I’ve struggled with being angry at my late husband for some time now.

I forgave him right away for his decision to leave this life. I loved him in ways that I didn’t think existed in the real world and I knew he was mentally unwell.

Accepting that he was gone came later. I guess I struggled with that “bargaining” stage a little bit.

Between Forgiveness and Acceptance, I had pretty much Sainted him. He had become some kind of Diety to me and I paid homage to him as such.

Something happened after Acceptance though.

I got mad.

I wasn’t necessarily angry about his violent, self-imposed death and how he had sneakily put it in place. I’d covered that already.

It wasn’t even that he managed to get his plan set up without tying up other loose ends; he knew that he had an older child who would descend upon me like a bird of prey and yet he never finalized any of his wishes in spite of the years of talks on the subject.

It was how he lived.

He was a good man by all accounts, but there was a narcissist hiding underneath. I believe he knew this, and he actually tried to work through it, but just couldn’t make it stick.

His awareness of the issue though, wasn’t enough to suppress it. In fact as the years passed, it got worse.

I had been too blinded by his light, by my intense love for him to see how bad it was. I knew it was bad. Our daughter – who was just 10 years old when he died – knew it was bad. A few others knew it too. But he hid it so flawlessly that when news of his suicide hit, many were absolutely floored.

It took the painful separation given to me by his death, for me to really see just how awful it was much of the time.

Even in most of my dreams after he died, he was mean to me. He would ignore me with many other women surrounding him, driving home the point that he no longer needed me.

I would beg for his love, his attention, but rarely get it.

Until I got mad.

I started processing his life, and not just his death.

I allowed myself to bristle at the thought of him and many of our memories.

I wouldn’t go so far as to say that I hated him – but I was mad. Mad like he had surely never seen of me.

Our daughter, who unbeknownst to me, had been mad at him for her entire life, also started working through her own anger.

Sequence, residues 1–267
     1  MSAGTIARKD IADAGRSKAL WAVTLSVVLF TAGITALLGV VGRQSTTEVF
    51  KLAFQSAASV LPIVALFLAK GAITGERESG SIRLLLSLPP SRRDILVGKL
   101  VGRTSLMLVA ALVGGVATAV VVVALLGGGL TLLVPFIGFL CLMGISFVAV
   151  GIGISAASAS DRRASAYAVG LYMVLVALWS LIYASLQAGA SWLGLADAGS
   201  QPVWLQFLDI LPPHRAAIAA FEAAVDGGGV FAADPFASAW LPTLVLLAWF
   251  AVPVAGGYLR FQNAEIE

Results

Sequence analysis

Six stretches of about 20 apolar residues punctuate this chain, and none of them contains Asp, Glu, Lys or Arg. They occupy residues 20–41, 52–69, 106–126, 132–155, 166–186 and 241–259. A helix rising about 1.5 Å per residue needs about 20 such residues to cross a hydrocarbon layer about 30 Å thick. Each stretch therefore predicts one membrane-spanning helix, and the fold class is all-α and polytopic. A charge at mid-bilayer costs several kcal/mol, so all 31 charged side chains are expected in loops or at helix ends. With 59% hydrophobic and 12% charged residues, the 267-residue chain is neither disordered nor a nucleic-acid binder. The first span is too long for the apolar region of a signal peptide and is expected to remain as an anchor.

Listening to her and sharing my own feelings with her helped me to peel back all the layers. It helped us both figure out what to do with all of these feelings.

Even my dreams started to change.

First, he was leaving. He had to go and he was sorry. He didn’t know when or even if he’d be back. (My mind displayed the whole thing as some kind of cowboy scene, where he was leaving on horseback, trudging through the tumbleweeds, to an unknown mountain destination.)

Many months later, he was back in my dreams and he was incredibly kind. There was light in his eyes. He was different.

Over the months it continued until in one, he was asking me to marry him again.

I still dream of him once in a while, and so far, they’ve all been beautiful dreams.

Through all of that, counseling, time and intense discussions with my daughter, my anger has started to fade.

My daughter, now 15, finds herself in a similar position. For the first time in her entire life, she isn’t shrouded in anger toward him.

Sometimes I still find myself being mad about all of this, but since I no longer see him as either a Saint or a devil, I can give him empathy. I can see the man who struggled and fought like hell. I can see someone who really and truly tried.

And I can remember all of our amazing times together without telling myself it was all a lie.

I had/have every right to be angry. But it’s just not serving me anymore.

Forgiveness – total forgiveness – just feels so much better.

Clip via Dreamstime.com


Layla Beth Munk is a blogger & author who was thrust into this widowhood journey abruptly and tragically on February 11, 2018. Her husband of 12 years had ended his pain once and for all. She soon made the decision that she would not let his final decision define the rest of her life or their daughter’s life, so with her sense of humor at the helm, she started writing about her newfound station in life. Grief waves still get to her, and probably always will, but with the help of her fellow widows as well as friends and family, she has been able to realize her dream of becoming a published author! Layla is so grateful to Hope For Widows Foundation for providing this level of support to her, and so many others! Layla has two amazing children, one who is grown and one who is almost grown. She lives in eastern Oregon and has a wellness & beauty background. Layla enjoys writing poetry, watching anime, and homeschooling her daughter.

Her blog can be found at laylabethmunk.medium.com and her debut novella, 24 Hours in Vegas, is available on Amazon.